More details about the Cadillac CT6 PHEV come out at battery plant tour
It's a big week for batteries. On Friday, Tesla will hold a big event at its Gigafactory in Reno, Nevada. But even in Michigan, there are things happening on the electrified automotive front. This was proven when General Motors invited journalists to its Brownstown Battery Assembly Plant today, highlighting the six different battery packs it makes for nine vehicles around the world (plus a 10th, coming to Asia, that has not yet been announced). During our tour, we learned a few interesting tidbits:
- The Cadillac CT6 plug-in hybrid launches in China this fall before coming to the U.S. next year. GM builds the battery packs in Michigan and ships them to China for final assembly in the PHEV. For now, this is all fine for GM to qualify for China's incentives for building green cars in the country. But, as Bill Wallace, GM's director of global battery systems, told AutoblogGreen, this could change thanks to the country's "Made in China 2025" plan. The situation is "evolving," he said, and it's a safe assumption that GM will need to build packs in China some day. For the CT6 PHEVs that will be sold in the US, the batteries will make a round trip, since GM will only build the plug-in version in China.
- As for the range of the CT6 PHEV, that hasn't been announced, but since China offers incentives for vehicles that get at least 50 kilometres (31 miles), that's a likely target (the US range (UPDATE: GM did announce an expected range for the CT6 PHEV in the US at the LA Auto Show last fall, saying it would "travel approximately 30 miles - 40 km - on a full electric charge"). The battery pack in the CT6 is also a clunky box-type thing, totally unlike the near-elegant T-shape used in the Volt. This despite the fact that the guts of the two packs are similar. Both have 192 lithium-ion cells and weigh almost the same, but GM tuned the CT6 pack for acceleration instead of range, the way it did with the Volt's pack. Still, the main reason the packs are different is because the CT6 is a rear-wheel drive vehicle, and the tunnel that the Volt's pack uses is occupied by the driveshaft.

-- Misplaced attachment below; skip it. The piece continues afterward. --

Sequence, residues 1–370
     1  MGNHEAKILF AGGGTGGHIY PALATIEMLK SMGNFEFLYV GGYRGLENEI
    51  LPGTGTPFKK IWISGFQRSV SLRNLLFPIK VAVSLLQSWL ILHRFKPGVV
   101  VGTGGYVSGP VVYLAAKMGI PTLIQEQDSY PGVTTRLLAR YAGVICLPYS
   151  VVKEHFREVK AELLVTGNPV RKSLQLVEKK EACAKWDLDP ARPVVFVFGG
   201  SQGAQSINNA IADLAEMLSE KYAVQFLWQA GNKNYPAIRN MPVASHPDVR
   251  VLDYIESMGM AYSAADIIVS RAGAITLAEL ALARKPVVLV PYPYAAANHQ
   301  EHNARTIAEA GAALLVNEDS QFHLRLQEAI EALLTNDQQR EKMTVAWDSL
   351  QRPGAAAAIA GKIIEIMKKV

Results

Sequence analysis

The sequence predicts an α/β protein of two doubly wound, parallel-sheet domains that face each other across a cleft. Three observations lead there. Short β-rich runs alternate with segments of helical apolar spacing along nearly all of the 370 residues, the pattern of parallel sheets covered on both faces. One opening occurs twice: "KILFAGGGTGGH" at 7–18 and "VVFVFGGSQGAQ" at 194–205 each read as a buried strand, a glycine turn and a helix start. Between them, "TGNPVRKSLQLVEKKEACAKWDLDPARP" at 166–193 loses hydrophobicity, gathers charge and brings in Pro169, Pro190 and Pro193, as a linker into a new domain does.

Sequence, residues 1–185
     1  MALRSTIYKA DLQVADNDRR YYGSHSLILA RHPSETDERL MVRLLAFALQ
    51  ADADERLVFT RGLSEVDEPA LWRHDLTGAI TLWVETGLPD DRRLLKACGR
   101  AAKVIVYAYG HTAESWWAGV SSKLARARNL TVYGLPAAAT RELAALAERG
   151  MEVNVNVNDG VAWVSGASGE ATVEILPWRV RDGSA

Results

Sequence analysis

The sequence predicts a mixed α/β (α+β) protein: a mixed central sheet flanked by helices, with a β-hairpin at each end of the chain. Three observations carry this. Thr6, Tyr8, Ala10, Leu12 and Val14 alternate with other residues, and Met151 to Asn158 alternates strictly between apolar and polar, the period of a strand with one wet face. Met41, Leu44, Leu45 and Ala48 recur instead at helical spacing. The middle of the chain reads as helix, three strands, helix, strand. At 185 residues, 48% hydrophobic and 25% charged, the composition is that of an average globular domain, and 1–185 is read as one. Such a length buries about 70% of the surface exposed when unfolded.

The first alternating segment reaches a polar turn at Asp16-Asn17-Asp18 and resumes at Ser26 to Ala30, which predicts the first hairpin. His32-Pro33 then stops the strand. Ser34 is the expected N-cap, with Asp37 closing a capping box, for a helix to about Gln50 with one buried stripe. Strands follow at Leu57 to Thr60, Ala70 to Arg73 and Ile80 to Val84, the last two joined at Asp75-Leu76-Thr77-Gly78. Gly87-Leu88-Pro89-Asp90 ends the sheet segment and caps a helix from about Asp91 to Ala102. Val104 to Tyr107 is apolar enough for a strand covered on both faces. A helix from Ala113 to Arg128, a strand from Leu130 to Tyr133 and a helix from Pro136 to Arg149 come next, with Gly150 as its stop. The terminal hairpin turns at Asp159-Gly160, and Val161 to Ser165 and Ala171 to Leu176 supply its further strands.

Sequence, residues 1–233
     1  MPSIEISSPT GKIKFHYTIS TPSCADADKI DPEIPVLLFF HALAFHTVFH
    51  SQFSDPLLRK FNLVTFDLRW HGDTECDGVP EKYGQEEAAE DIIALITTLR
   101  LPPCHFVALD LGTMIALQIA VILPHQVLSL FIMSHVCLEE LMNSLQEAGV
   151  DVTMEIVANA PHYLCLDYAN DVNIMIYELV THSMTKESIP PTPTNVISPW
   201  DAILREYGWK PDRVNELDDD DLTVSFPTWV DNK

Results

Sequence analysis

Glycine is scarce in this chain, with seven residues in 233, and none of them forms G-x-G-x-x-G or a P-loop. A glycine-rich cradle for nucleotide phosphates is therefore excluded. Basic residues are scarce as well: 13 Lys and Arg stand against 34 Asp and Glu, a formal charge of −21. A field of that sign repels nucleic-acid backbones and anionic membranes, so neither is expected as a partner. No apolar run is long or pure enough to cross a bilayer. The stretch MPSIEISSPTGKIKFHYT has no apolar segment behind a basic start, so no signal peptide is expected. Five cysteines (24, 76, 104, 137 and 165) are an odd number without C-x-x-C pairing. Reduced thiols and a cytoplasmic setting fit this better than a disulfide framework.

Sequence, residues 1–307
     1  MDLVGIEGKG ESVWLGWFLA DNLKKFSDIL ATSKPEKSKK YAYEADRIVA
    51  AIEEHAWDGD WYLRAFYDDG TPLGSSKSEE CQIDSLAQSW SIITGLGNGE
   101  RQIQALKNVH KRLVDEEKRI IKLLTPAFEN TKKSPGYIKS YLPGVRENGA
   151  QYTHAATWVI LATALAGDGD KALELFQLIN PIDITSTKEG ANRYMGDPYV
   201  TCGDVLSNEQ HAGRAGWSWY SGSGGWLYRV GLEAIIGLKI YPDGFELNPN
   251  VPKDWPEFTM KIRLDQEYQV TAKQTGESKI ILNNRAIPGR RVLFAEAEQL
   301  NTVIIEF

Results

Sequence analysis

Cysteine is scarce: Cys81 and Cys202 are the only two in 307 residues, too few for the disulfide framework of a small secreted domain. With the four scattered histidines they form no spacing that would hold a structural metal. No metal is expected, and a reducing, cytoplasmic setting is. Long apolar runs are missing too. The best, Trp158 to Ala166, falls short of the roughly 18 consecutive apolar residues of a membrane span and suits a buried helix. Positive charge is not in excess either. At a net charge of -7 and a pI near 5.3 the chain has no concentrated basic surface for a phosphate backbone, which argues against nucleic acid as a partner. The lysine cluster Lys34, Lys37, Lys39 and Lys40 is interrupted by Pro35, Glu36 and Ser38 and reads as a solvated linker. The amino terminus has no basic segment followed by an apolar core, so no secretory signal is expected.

- Despite the highly touted second-gen Chevy Volt going on sale last year, GM still has the capacity to build battery packs for the old, first-gen model. This is because the company is legally required to be able to provide replacement packs for warrantied vehicles (for up to 10 years), and the second-gen packs don't fit into the first-gen vehicles. So far, GM says, a grand total of zero Volt packs have been replaced because of "general capacity degradation" but that doesn't mean GM can just get rid of the instructions and tools used to make yesterday's technology.
- There are two main battery types built in Brownstown - smaller air-cooled packs with Hitachi cells and larger liquid-cooled ones that use LG Chem cells. The nine vehicles that get batteries from Brownstown and which cells they use are:
Chevy Silverado eAssist (Hitachi)
GMC Sierra eAssist (Hitachi)
Chevy Malibu Hybrid (Hitachi)
Buick LaCrosse Hybrid (Hitachi)
Chevy Volt (1st and 2nd gen, both use LG Chem)
Cadillac ELR (LG Chem)
Cadillac CT6 PHEV (LG Chem)
Spark EV (LG Chem)